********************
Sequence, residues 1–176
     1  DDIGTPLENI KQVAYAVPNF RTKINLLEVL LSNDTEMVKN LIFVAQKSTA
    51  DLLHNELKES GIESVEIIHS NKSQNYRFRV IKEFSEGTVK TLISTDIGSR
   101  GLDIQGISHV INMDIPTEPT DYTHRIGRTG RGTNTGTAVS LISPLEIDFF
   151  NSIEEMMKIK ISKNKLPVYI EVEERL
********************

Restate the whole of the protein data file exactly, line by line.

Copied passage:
Sequence, residues 1–176
     1  DDIGTPLENI KQVAYAVPNF RTKINLLEVL LSNDTEMVKN LIFVAQKSTA
    51  DLLHNELKES GIESVEIIHS NKSQNYRFRV IKEFSEGTVK TLISTDIGSR
   101  GLDIQGISHV INMDIPTEPT DYTHRIGRTG RGTNTGTAVS LISPLEIDFF
   151  NSIEEMMKIK ISKNKLPVYI EVEERL